Rationale: Phosphodiesterase type 5 (PDE5) inhibition has been proposed for the treatment for pulmonary arterial hypertension (PAH).
Objective: This study compared adding sildenafil, a PDE5 inhibitor, to conventional treatment with the current practice of adding bosentan, an endothelin receptor antagonist.
Methods: Twenty-six patients with PAH, idiopathic or associated with connective tissue disease, World Health Organization (WHO) functional class III, were randomized in a double-blind fashion to receive sildenafil (50 mg twice daily for 4 weeks, then 50 mg three times daily) or bosentan (62.5 mg twice daily for 4 weeks, then 125 mg twice daily) over 16 weeks.
Measurements: Changes in right ventricular (RV) mass (using cardiovascular magnetic resonance), 6-minute walk distance, cardiac function, brain natriuretic peptide, and Borg dyspnea index.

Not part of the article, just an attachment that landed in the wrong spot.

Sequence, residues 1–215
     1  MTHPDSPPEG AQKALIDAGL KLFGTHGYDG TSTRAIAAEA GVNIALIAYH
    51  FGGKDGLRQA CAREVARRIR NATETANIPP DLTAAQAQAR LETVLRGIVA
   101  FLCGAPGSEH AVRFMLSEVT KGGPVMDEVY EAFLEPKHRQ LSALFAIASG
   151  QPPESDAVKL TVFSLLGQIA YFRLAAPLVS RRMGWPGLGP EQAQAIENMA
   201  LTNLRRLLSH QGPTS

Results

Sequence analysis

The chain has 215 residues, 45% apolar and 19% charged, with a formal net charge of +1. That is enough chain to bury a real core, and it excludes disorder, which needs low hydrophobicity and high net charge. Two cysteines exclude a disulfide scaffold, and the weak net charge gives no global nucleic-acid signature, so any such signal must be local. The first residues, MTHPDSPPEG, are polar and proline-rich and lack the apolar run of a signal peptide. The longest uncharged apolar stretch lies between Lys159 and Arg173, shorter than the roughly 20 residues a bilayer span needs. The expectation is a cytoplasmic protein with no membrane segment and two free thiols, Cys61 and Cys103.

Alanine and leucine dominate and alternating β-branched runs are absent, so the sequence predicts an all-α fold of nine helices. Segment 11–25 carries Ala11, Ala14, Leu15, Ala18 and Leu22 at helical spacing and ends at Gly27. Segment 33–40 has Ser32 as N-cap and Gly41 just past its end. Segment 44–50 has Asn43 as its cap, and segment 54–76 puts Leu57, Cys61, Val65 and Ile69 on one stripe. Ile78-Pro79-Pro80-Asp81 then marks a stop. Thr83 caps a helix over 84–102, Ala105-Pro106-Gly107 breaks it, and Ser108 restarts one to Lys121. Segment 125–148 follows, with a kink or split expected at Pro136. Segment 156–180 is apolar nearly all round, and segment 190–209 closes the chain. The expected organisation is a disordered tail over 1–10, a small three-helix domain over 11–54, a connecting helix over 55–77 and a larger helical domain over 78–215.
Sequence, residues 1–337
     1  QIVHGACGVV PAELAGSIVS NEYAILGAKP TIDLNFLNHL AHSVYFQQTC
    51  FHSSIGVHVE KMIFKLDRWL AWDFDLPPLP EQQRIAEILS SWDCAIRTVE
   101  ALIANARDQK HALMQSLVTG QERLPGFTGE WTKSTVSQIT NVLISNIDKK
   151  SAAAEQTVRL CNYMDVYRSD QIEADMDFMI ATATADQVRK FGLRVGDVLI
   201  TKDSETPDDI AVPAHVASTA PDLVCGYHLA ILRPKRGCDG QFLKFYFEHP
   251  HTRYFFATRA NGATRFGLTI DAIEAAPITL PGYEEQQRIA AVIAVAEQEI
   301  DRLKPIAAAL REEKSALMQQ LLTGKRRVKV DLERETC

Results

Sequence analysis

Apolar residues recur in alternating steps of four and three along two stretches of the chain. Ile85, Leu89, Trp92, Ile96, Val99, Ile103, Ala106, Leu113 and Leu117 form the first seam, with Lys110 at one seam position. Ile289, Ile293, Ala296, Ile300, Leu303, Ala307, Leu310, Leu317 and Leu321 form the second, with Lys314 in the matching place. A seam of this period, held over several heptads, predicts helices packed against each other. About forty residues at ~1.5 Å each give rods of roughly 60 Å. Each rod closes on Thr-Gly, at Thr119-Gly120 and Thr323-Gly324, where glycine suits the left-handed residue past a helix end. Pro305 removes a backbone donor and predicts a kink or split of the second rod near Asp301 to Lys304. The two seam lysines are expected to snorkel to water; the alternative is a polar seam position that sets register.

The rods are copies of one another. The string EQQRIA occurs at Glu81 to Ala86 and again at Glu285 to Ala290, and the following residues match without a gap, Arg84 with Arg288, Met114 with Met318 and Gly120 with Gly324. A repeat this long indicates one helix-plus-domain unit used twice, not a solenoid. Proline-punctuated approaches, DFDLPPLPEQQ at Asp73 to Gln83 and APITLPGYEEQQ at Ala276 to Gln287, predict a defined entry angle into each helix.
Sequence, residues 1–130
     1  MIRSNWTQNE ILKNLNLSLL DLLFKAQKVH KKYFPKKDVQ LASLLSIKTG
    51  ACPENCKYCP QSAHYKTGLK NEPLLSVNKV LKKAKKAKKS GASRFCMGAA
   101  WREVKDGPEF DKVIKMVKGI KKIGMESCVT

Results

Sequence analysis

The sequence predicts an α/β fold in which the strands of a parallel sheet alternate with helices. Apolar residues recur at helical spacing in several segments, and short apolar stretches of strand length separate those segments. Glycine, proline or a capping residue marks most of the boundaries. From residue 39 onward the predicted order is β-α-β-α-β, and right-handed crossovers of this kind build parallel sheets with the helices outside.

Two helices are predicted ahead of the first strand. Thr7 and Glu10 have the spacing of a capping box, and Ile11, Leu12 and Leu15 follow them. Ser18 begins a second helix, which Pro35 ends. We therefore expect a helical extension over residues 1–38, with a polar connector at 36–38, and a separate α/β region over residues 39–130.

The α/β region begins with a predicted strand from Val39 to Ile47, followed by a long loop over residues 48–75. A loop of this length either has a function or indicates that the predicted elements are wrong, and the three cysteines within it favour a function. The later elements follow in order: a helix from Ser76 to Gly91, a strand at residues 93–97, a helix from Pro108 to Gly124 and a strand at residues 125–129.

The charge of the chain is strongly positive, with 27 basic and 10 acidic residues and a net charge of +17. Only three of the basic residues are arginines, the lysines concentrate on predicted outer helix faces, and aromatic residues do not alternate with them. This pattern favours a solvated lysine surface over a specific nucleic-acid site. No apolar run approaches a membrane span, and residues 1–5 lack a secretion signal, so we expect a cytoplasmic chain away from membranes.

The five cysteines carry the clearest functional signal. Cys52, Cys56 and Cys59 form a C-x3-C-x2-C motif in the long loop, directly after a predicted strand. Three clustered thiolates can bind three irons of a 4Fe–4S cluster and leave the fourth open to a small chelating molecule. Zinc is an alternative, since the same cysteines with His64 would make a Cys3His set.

Main results: When analyzed by intention to treat, there were no significant differences between the two treatment groups. One patient on sildenafil died suddenly. Patients on sildenafil who completed the protocol showed significant changes from baseline, namely, reductions in RV mass (-8.8 g; 95% confidence interval [CI], -2, -16; n = 13, p = 0.015) and plasma brain natriuretic peptide levels (-19.4 fmol x ml(-1); 95% CI, -5, -34; p = 0.014) and improvements in 6-minute walk distance (114 m; 95% CI, 67, 160; p = 0.0002), cardiac index (0.3 L x min(-1) x m(-2); 95% CI, 0.1, 0.4; p = 0.008), and systolic left ventricular eccentricity index (-0.2; 95% CI, -0.02, -0.37; p = 0.031). Bosentan improved 6-minute walk distance (59 m; 95% CI, 29, 89; n = 12, p = 0.001) and cardiac index (0.3; 95% CI, 0.1, 0.4; p = 0.008).
Conclusions: Sildenafil added to conventional treatment reduces RV mass and improves cardiac function and exercise capacity in patients with PAH, WHO functional class III. Safety monitoring is important until more experience is obtained.